Happy Birthday Jackson Pollock..you sexy man..
Paul Jackson Pollock was born in Cody, Wyoming on 28 January 1912. He was the fifth and youngest son of LeRoy McCoy Pollock and Stella McClure Pollock. The family left Cody when Pollock was less than a year old, and he was raised in Arizona and California. After a series of unsuccessful farming ventures, his father became a surveyor and worked on road crews at the Grand Canyon and elsewhere in the Southwest. Pollock, who sometimes joined his father on these jobs, later remarked that memories of the panoramic landscape influenced his artistic vision.
Even as his art was gaining in assurance and originality, Pollock was experiencing personal turmoil and recurring bouts of depression. He was also struggling to control his alcoholism, which would continue to plague him throughout his life. His brothers Charles and Sande, with whom he shared living quarters at 46 East 8th Street in Manhattan, encouraged him to seek treatment, including psychoanalysis. Although therapy was not successful in curbing Pollock’s drinking or relieving his depression, it introduced him to Jungian concepts that validated the subjective, symbolic direction his art was taking. In late 1941, Sande wrote to Charles, who had left New York, that if Jackson could “hold himself together his work will become of real significance. His painting is abstract, intense, evocative in quality
Pollock’s radical breakthrough was accompanied by a period of sobriety lasting two years, during which he created some of his most beautiful masterpieces. In his barn studio, he spread his canvas on the floor and developed his compositions by working from all four sides, allowing the imagery to evolve spontaneously, without preconceptions. Pollock described this technique as “direct” painting and likened it to American Indian sand painting. He maintained, however, that the method was “a natural growth out of a need,” and that its only importance was as “a means of arriving at a statement.” The character and content of that statement were then and remain controversial, subject to widely varying interpretations–which is why Pollock’s art has retained its vitality in spite of changing tastes.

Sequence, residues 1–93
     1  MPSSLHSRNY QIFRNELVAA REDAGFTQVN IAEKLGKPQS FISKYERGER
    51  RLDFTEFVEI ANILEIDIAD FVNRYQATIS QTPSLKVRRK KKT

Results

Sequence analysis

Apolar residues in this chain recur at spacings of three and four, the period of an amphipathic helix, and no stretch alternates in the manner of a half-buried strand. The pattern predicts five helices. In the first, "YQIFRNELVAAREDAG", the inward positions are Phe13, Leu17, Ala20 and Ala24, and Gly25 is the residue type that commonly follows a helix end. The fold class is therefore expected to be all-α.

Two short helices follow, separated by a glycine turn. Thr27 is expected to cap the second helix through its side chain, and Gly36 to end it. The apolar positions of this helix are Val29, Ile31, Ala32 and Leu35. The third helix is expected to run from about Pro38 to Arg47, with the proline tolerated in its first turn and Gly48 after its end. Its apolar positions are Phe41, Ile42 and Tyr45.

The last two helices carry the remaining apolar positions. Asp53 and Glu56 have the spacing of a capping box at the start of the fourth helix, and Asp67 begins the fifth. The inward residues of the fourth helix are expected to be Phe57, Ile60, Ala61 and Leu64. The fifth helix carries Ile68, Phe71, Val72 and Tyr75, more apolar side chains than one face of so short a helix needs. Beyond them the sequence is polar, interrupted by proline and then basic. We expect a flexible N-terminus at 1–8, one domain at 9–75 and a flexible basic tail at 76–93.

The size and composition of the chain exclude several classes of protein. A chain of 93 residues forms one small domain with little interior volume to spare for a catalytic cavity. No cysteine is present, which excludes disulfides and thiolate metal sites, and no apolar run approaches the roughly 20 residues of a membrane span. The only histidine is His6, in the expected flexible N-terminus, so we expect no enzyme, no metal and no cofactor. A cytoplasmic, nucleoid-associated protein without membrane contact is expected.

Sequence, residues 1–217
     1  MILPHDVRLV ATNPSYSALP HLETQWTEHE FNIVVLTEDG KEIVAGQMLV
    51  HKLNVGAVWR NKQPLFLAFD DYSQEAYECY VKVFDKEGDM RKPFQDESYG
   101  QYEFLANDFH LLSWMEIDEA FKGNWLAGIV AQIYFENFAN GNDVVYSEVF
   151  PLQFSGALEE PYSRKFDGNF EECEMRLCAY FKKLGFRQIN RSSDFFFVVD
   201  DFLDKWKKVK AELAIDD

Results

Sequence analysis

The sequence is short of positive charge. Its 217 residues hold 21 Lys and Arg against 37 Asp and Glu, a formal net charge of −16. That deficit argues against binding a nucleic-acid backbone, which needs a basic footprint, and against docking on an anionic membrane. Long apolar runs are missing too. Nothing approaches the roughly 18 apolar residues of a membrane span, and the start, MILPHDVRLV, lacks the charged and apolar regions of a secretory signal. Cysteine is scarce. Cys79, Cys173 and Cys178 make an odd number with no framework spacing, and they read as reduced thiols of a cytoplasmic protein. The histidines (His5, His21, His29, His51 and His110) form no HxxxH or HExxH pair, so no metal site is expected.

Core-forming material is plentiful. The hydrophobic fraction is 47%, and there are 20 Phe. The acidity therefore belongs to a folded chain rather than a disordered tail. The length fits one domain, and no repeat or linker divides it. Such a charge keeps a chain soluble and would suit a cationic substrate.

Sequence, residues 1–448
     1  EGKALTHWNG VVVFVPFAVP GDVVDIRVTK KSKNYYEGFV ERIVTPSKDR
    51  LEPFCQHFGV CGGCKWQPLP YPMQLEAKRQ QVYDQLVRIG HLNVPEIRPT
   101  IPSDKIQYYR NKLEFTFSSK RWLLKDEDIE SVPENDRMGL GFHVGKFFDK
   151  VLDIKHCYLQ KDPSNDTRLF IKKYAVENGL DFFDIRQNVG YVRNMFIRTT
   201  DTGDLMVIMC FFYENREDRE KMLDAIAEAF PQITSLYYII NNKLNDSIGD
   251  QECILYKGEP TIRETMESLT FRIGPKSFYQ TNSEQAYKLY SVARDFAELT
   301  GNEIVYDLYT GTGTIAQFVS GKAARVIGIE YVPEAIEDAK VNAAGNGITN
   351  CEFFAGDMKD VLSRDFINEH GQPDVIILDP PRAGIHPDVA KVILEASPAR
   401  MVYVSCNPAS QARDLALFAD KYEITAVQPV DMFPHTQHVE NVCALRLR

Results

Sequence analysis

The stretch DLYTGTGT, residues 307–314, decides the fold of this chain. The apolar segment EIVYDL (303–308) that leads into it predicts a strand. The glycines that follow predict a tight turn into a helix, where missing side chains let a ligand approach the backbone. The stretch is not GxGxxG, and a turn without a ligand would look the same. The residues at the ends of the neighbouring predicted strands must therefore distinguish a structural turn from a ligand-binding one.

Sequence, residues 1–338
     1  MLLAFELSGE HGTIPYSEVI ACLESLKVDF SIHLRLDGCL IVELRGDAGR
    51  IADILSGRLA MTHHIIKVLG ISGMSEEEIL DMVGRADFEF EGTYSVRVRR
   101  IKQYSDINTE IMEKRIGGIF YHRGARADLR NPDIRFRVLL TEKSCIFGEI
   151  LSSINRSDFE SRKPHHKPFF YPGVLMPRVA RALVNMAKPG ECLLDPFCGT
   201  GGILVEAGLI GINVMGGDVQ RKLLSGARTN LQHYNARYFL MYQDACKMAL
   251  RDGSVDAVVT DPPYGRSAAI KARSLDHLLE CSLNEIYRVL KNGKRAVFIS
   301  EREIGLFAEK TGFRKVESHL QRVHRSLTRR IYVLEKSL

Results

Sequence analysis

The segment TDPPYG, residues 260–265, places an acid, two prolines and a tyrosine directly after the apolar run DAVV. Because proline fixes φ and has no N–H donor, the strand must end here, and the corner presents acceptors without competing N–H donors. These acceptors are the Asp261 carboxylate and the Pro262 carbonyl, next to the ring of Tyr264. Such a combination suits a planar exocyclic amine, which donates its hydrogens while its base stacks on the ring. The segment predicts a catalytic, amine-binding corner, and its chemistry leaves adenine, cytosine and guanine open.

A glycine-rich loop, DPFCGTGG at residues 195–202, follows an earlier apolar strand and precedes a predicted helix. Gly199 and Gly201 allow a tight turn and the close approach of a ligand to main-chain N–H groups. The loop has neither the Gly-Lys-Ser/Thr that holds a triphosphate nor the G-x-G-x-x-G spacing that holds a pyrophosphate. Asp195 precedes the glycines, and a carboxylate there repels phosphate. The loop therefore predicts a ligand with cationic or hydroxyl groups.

By 1955, however, Pollock’s personal demons had triumphed over his artistic drive, and he stopped painting altogether. Ironically, his work had begun to earn a respectable income for him and Krasner, who was becoming increasingly estranged from her troubled, alcoholic husband. In the summer of 1956 she took the opportunity of a trip to Europe to re-evaluate their relationship, while Pollock remained at home with a young mistress to distract him from the agonies of self-doubt and inaction that plagued him. In Paris, on the morning of 12 August, Krasner received a telephone call informing her that Pollock had died the night before in an automobile accident. Driving drunk, he had overturned his convertible, killing himself and an acquaintance and seriously injuring his other passenger.